Why do some tech businesses scale fast, while others never get off the ground?
#1 The vicious sales cycle
You’re elated that you’ve got the funding you need. You want to use your new money to race ahead of the pack. At the same time, you feel under pressure as your investors expect to see growth.
So, you focus on building or growing a sales team. If you don’t already have one, you hire a Sales VP or CRO. They hire sales reps and start estimating target quotas.
Your burn rate increases and your runway shrinks. You’re told you need to wait for the sales team and processes to bed in. You wait a few more months. Then, you’re told the problem is that you’re underinvesting. Or, that you need to pivot the product.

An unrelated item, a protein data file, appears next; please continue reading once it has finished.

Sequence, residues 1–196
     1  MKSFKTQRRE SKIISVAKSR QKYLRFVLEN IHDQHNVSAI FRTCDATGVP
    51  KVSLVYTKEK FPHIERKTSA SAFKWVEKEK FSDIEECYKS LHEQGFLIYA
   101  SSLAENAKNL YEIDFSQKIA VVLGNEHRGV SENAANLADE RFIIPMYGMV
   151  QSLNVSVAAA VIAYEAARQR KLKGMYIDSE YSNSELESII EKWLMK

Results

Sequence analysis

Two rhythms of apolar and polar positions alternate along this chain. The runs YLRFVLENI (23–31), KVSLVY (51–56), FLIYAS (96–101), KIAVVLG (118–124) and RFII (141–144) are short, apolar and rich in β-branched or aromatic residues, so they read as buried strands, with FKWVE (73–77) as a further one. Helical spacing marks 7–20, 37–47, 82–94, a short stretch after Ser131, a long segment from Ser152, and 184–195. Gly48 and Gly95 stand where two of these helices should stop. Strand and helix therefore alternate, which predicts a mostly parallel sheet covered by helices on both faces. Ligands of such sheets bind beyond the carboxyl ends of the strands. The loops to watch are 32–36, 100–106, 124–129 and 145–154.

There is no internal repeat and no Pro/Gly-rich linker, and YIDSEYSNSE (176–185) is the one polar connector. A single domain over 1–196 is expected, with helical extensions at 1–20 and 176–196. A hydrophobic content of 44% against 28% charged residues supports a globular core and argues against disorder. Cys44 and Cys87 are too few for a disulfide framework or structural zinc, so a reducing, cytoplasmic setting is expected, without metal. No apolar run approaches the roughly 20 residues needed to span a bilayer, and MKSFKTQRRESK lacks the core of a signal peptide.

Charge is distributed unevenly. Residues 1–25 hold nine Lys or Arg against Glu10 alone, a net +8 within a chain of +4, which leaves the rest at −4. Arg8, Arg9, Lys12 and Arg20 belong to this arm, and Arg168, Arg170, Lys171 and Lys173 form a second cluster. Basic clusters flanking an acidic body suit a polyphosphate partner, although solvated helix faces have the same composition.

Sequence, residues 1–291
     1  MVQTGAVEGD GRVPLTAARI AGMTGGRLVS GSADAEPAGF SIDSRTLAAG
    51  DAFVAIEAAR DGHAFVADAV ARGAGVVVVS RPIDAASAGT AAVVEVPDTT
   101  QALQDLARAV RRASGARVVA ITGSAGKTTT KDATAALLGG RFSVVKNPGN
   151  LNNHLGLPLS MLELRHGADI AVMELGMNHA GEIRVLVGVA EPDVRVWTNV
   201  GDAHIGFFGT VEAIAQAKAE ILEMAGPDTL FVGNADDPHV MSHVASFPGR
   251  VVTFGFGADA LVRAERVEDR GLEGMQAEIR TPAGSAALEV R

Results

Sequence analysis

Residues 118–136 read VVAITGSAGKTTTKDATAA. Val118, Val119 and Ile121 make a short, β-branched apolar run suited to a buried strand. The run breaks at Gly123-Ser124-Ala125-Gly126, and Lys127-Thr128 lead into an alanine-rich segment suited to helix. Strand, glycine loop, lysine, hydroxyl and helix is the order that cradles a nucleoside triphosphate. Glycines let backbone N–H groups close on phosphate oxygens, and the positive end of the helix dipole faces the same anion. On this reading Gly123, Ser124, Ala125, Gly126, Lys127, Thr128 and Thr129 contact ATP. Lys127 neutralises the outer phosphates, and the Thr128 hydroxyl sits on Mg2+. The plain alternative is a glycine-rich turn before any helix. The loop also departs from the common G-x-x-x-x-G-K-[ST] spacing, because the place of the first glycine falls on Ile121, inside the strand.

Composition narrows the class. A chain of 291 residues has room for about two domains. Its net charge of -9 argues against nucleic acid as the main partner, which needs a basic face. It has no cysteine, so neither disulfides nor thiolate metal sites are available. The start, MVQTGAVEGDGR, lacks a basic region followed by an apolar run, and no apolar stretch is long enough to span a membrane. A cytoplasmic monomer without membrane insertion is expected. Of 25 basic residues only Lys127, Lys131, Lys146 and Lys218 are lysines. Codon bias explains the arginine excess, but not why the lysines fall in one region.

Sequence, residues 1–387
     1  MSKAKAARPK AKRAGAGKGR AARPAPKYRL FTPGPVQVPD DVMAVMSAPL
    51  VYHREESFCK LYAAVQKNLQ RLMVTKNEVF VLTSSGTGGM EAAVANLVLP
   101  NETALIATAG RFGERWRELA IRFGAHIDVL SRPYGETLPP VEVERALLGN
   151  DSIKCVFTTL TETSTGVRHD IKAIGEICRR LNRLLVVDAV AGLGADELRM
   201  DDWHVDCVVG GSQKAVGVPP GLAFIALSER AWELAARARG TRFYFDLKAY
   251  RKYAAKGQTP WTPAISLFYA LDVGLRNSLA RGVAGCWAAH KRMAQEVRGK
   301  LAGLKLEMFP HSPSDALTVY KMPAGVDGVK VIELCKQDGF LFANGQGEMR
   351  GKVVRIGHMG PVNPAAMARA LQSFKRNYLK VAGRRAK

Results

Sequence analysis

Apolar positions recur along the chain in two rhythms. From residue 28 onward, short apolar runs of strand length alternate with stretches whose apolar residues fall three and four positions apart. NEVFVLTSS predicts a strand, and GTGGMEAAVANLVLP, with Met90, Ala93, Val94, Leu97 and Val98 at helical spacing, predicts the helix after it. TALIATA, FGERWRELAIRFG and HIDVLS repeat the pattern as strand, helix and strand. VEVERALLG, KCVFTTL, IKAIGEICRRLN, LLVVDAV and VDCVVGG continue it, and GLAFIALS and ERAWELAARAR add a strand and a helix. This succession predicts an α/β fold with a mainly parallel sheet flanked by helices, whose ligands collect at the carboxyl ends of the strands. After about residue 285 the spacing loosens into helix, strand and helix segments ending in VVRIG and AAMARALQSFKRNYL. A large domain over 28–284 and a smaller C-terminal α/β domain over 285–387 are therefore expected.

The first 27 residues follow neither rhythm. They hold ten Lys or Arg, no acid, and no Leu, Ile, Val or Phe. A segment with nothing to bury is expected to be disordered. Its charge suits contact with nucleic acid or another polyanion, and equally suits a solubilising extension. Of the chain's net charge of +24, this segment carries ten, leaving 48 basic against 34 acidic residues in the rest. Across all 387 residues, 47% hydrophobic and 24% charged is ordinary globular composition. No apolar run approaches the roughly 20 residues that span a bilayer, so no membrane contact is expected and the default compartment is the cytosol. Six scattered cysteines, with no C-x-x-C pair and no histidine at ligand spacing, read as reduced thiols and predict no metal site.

Your sales don’t grow as fast as you want. You present some mediocre figures to your investors. They’re not well analysed, and you don’t have a convincing plan for improving them.
Investor relations sour and, as a defensive measure, you blame the sales lead. Tech businesses are notorious for solving problems by firing and rehiring.
So, what’s the solution?
As a founding team, you need to keep ownership of your sales strategy. It’s you that’s done all the conceptual thinking, product design, and validation.
It takes time to transfer that knowledge and vision. But, it’s more than a matter of knowledge transfer. It’s about understanding your respective roles. Your sales lead handles dealmaking. You still own the strategy.
When hiring your sales lead, it’s tempting to hire someone who’s shown they can succeed at the level you want to operate at. But be careful that they have the skills you need right now.